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Mike Napoli’s bent finger turns out to be just dislocated, not broken

04.16.14 at 12:44 am ET
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The Red Sox seemingly escaped another potential huge setback when it was determined Mike Napoli‘€™s left ring finger was dislocated and not broken.

Napoli hurt the finger sliding head first into second base while advancing on a wild pitch in the ninth inning of what would be a 2-1 Red Sox loss to the White Sox in Chicago.

“It’€™s not broke,” he told reporters. “I can play with some soreness. We’€™ll see how it feels tomorrow.

He added, “I saw my finger sideways. The first thing I thought was, I don’€™t really know what to think. But I’ve seen people with dislocated fingers before. They pop it back in, be sore.”

At the time, it appeared as though Napoli had made an important baserunning decision, getting into scoring position with the game tied at 1-1. He would immediately be pinch run for by Dustin Pedroia, who was stranded after a Mike Carp ground out.

“Good dirt ball read like that, I mean, God dang,” Napoli said. “I was digging myself. I look at my finger, frigging sideways. But it’€™s good news it’€™s not broken.”

Napoli also told reporters, “I know I hit the bag pretty hard and I looked down and it was right there in front of my face. [Umpire] Jim Joyce was going, ‘€˜Oh my God!’€™ and calling for the trainer. It’€™ll be all right.”

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Closing Time: Xander Bogaerts’ throwing error hands White Sox win over Red Sox

04.15.14 at 11:54 pm ET
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A cold night got much colder by the end of the evening for the Red Sox.

With two outs in the ninth inning, Xander Bogaerts one-hopped what appeared to be a routine throw to first on a Marcus Semien grounder. First baseman Mike Carp failed to dig the ball out, allowing Alexei Ramirez to score the winning run all the way from second, handing the White Sox a 2-1 win over the Red Sox on a frigid Tuesday night in Chicago.

“Yeah, I mean, cold weather, but that’€™s no excuse for that play,” Bogaerts told reporters. “That’€™s  a ball I should’ve thrown right in the chest to him, or more in the zone.”

The final pitch was thrown by reliever Chris Capuano, who appeared to have struck out Semien the pitch before on a checked swing on a 2-2 fastball. The Red Sox lefty had come on with one out and Ramirez on first, with Burke Badenhop having allowed a single to the White Sox shortstop.

Making matters worst for the Red Sox was that Mike Napoli dislocated his left ring finger sliding head first into second base in the ninth inning. The first baseman was advancing to second on a wild pitch. He was immediately replaced by Dustin Pedroia, walking off the field with Red Sox trainer Rick Jameyson.

“It’€™s not broke,” Napoli told reporters. “I can play with some soreness. We’€™ll see how it feels tomorrow.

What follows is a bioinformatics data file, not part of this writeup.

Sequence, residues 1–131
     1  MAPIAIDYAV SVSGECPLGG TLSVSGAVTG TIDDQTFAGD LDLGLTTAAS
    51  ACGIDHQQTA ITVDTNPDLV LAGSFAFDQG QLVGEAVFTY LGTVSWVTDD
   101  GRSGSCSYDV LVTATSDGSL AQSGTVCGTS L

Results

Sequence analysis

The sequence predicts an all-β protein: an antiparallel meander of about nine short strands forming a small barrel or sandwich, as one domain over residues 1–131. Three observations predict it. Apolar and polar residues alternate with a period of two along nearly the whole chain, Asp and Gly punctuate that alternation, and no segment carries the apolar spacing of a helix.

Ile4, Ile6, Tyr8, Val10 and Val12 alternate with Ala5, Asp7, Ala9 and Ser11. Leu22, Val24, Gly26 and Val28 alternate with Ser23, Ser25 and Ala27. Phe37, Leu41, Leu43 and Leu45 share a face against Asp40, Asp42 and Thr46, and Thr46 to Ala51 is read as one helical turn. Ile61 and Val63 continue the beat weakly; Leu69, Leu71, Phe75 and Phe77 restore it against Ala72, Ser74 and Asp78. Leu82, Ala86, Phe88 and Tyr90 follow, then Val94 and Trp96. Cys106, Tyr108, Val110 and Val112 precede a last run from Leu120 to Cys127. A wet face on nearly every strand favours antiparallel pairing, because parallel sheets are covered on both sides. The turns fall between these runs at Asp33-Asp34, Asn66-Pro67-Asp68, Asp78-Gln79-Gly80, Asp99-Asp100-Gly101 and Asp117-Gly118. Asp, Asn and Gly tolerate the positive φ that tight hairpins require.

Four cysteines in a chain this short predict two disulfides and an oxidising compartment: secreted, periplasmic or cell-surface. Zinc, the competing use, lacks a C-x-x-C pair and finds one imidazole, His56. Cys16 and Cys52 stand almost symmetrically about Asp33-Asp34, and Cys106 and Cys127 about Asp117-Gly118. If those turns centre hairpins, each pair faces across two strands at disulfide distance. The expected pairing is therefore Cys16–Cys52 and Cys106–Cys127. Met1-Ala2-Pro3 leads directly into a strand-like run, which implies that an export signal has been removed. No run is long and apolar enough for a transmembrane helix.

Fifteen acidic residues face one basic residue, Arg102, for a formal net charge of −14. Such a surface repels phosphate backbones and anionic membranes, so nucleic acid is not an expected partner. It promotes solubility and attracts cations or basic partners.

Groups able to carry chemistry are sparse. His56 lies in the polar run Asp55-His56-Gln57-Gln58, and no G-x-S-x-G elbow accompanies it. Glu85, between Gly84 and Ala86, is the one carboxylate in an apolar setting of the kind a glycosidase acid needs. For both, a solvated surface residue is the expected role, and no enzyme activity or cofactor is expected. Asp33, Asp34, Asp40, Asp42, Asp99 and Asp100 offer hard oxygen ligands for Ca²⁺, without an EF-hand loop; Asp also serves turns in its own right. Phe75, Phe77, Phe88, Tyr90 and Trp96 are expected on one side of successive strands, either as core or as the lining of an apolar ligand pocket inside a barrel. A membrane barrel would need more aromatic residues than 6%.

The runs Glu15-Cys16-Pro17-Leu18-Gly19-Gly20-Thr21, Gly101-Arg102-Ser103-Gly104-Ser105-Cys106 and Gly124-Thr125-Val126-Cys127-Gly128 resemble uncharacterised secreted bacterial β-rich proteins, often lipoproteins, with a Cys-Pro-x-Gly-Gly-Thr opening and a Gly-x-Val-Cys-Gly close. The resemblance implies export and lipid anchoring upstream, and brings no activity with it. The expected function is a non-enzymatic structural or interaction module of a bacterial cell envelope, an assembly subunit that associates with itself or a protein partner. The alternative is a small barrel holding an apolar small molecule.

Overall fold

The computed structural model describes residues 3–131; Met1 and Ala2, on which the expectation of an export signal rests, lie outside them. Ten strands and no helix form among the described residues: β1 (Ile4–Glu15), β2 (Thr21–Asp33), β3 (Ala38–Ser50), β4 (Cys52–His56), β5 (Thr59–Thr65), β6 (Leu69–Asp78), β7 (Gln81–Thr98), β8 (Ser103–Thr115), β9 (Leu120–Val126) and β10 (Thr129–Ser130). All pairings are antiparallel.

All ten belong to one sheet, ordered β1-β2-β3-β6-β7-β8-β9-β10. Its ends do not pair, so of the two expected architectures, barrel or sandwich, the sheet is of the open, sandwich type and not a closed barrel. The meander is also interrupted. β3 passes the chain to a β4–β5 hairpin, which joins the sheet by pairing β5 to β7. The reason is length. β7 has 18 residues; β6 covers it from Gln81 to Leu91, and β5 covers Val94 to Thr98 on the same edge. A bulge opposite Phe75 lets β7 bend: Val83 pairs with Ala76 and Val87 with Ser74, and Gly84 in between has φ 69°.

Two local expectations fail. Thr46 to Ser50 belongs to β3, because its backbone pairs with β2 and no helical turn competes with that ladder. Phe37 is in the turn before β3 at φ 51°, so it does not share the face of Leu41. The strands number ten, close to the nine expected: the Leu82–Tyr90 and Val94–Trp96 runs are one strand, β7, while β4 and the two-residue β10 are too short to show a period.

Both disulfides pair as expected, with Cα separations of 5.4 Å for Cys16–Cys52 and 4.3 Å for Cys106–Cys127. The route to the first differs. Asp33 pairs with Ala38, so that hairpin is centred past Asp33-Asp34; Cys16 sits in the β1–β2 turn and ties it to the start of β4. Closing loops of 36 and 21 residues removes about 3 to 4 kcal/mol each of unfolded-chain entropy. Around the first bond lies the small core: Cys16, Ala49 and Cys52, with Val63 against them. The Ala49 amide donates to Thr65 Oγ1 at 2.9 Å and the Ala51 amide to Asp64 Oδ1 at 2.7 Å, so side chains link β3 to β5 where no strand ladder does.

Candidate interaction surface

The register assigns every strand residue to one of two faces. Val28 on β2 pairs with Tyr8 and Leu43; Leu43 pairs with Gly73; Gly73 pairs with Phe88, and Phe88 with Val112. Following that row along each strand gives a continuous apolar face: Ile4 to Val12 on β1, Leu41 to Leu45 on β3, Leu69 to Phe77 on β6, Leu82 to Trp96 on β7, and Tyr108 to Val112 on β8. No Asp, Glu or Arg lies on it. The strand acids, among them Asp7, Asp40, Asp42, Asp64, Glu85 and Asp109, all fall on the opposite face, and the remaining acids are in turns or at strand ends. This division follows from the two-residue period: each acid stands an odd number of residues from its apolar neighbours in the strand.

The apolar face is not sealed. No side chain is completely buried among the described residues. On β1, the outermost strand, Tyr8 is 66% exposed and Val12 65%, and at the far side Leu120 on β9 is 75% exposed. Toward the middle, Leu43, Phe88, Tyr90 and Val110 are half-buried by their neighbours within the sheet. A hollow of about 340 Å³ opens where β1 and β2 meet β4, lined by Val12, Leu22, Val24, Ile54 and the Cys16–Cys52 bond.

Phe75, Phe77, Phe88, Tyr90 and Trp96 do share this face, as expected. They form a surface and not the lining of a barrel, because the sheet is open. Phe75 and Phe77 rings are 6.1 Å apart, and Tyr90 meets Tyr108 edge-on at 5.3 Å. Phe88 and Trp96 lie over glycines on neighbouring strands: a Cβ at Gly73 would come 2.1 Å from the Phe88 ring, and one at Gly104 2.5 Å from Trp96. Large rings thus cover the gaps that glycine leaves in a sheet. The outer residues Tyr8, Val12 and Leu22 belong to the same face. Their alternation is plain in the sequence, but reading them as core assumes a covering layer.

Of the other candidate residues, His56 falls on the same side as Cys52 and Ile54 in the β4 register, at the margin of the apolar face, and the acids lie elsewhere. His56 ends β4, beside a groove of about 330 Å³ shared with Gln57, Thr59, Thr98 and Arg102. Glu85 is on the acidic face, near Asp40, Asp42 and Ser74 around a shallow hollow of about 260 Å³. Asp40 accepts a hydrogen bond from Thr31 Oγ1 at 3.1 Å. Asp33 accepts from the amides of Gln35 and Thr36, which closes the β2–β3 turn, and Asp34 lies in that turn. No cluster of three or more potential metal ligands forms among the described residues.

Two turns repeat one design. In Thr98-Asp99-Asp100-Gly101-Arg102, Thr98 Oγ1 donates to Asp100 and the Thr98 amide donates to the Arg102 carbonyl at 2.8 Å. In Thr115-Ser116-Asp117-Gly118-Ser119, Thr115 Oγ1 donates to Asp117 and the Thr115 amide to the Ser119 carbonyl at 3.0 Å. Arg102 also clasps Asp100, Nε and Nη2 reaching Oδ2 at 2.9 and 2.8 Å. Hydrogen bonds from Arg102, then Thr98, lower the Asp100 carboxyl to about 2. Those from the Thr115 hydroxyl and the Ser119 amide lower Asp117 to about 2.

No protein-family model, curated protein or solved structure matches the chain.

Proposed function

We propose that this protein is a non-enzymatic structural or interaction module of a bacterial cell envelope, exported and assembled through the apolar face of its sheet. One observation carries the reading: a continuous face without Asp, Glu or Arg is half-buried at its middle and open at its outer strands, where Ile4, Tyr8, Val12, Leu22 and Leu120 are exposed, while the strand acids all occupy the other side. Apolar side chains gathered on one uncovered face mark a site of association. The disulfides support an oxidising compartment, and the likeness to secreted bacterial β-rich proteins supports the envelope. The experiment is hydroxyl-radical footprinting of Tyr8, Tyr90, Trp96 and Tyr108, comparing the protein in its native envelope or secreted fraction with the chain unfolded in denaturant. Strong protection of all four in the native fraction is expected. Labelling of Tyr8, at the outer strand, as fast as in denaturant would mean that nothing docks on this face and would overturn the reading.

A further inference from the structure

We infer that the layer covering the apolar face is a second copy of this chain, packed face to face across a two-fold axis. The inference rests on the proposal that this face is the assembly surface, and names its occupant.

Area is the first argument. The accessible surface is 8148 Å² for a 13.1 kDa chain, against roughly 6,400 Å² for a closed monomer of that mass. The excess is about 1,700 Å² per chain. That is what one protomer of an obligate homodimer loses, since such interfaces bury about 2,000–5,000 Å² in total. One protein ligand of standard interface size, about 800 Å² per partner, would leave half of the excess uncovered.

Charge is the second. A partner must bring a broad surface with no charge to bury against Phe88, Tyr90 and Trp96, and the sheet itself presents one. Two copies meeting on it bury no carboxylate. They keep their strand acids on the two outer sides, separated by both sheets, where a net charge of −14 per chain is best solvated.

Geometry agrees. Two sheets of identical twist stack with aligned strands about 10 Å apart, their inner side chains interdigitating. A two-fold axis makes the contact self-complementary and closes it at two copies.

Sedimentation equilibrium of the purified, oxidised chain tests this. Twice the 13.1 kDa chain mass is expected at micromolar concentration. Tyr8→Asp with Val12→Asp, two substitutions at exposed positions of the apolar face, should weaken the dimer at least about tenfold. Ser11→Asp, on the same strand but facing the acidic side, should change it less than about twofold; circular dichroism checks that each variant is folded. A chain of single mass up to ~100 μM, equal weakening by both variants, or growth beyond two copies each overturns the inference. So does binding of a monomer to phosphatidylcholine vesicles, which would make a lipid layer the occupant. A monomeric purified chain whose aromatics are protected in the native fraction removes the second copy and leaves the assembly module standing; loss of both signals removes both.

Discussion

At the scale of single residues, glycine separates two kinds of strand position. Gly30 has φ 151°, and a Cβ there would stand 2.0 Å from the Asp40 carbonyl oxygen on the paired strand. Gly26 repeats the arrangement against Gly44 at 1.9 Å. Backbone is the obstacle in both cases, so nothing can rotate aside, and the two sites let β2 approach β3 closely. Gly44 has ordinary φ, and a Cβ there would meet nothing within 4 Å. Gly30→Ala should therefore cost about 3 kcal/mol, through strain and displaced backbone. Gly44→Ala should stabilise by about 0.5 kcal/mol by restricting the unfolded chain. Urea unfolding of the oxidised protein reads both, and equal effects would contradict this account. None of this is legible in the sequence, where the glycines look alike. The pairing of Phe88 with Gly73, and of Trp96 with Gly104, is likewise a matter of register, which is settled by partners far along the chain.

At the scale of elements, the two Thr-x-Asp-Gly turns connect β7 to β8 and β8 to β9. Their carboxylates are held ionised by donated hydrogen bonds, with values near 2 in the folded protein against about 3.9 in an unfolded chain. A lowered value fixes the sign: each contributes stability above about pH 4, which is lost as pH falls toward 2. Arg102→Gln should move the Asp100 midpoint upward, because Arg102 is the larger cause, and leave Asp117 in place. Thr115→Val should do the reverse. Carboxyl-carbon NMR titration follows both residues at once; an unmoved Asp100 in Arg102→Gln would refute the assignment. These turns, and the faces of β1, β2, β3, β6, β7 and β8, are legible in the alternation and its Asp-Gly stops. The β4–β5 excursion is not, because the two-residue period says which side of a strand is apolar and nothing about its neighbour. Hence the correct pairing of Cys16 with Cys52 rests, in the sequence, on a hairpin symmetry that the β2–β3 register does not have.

He added, “I saw my finger sideways. The first thing I thought was, I don’€™t really know what to think. But I’ve seen people with dislocated fingers before. They pop it back in, be sore.”

Here is what went wrong (and right) for the Red Sox.


– Red Sox starter Jake Peavy‘s only miscue came to former teammate Adam Dunn, who pulled a 92 mph fastball from the pitcher over the right-field fence to give the White Sox a 1-0 lead in the second inning.

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Koji Uehara available as soon as Thursday

04.15.14 at 9:50 pm ET
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Koji Uehara expects to be available to pitch out of the bullpen by Thursday. (AP)

Koji Uehara expects to be available to pitch out of the bullpen by Thursday. (AP)

For Koji Uehara, the stiffness he felt in his right shoulder evoked concern based not so much on the symptoms themselves as the Red Sox closer’s history with comparable discomfort. While with the Rangers, Uehara had once experienced shoulder stiffness, tried to pitch through it and ultimately suffered a setback that led to a couple months on the disabled list.

This time, however, the symptoms subsided quickly, to the point where Uehara was able to have an aggressive long-toss session at Yankee Stadium on Sunday. With that behind him, it came as little surprise — but welcome news — when he was given a clean bill of health after getting checked out at Mass. General on Monday.

“It was a good feeling to know that I was able to throw from that long distance [on Sunday] and also the fact there was no structural damage [revealed by Monday's exam]. That gave me a lot of peace of mind,” Uehara told reporters through interpreter C.J. Matsumoto. “I think [the concern] was more mental, the fact I had the same kind of feeling two years ago, that was sort of a sticking point.’€

Uehara threw long toss from 200 feet and then had a pitching session on flat ground. The Sox plan for him to throw a bullpen session off a mound on Wednesday, and if that goes well, he’d be ready to return by Thursday.

After worst fears erased, Dustin Pedroia expects to return on Wednesday